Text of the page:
Gustave Moreau (1826-98) is one of the most brilliant, yet enigmatic, artists of the French Symbolist movement, but is less well known in Britain than he deserves to be.
In collaboration with Musée National Gustave Moreau, Paris, the exhibition will reveal for the first time since 1906, 34 watercolours created by Moreau between 1879 and 1885, on loan from a private collection. They were part of a series commissioned by the art collector Antony Roux to illustrate the 17th-century Fables of Jean de La Fontaine (many of which derive from Aesop’s Fables).
They were exhibited in Paris in the 1880s to great acclaim and in London in 1886, where critics frequently compared the artist to Edward Burne-Jones. Moreau made 64 works for the series, which subsequently entered a Rothschild collection; however, a significant proportion was lost during the Nazi era. The surviving works have not been exhibited since 1906 and they have only ever been published in black and white.
Created at the height of the French 19th-century revival of watercolour, their variety of subject matter and technique and their colouristic effects, will be a revelation to visitors. The Fables watercolours form the core of the display with additional loans from the Musée Gustave Moreau. These include preparatory drawings for the Fables, including animal studies made from life in the Jardin des Plantes, and the splendid oil painting, The Unicorns, commissioned by Baron Edmond de Rothschild, but which in the end the artist refused to give him.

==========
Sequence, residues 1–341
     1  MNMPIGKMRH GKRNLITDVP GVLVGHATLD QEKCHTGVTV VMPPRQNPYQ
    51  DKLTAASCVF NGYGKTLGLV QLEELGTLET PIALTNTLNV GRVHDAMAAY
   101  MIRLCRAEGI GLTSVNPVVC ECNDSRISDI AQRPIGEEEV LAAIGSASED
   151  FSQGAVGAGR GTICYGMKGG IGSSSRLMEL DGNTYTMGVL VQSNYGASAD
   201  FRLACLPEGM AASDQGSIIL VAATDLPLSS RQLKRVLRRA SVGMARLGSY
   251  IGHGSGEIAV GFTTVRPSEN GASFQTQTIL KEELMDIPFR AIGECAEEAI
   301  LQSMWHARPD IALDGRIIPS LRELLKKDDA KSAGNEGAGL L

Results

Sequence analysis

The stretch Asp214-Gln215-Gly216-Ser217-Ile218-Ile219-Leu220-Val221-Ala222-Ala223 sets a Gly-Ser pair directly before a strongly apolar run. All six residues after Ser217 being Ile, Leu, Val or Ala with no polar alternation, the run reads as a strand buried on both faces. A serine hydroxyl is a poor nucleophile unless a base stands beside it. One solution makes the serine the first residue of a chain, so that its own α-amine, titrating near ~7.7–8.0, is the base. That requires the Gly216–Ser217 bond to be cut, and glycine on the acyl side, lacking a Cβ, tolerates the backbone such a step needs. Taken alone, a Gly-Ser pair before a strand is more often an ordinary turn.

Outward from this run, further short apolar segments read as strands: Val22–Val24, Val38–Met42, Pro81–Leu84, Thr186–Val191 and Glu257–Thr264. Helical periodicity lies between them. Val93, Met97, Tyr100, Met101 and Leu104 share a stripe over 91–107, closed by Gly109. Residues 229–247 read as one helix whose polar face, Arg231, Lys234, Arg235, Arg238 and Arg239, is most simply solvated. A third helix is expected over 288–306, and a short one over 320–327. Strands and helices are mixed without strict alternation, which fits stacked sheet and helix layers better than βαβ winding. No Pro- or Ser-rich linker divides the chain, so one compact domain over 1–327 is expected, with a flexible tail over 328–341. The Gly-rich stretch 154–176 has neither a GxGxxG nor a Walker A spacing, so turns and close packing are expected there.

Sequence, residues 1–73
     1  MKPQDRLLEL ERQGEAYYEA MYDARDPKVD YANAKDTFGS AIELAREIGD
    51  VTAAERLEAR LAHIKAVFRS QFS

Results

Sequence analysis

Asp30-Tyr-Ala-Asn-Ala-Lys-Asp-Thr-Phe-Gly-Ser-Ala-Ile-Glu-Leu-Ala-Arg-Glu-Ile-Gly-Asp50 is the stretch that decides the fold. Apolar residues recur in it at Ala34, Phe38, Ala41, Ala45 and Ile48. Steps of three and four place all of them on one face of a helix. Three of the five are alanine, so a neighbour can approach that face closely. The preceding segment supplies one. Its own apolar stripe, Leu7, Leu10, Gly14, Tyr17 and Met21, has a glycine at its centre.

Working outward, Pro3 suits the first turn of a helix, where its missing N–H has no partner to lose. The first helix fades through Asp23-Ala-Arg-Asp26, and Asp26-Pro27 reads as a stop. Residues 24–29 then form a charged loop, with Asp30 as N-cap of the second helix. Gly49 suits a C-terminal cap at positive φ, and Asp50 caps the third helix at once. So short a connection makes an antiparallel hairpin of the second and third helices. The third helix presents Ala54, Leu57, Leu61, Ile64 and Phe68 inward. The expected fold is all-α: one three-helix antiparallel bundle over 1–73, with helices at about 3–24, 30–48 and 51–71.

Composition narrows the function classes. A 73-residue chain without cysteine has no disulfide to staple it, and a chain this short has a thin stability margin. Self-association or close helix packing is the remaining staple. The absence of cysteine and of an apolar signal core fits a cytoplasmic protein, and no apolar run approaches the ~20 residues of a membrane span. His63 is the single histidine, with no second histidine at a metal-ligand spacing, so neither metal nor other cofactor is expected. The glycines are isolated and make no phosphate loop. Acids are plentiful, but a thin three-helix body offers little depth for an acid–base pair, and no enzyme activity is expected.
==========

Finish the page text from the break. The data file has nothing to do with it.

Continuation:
Prints after Moreau’s Fables by Félix Bracquemond demonstrate the translation of the jewel-like colours into velvety monochrome in some of the most innovative etchings of the age, while reproductions by Grandhomme and Garnier transform the most delicate effects of the watercolour medium into vitreous enamels.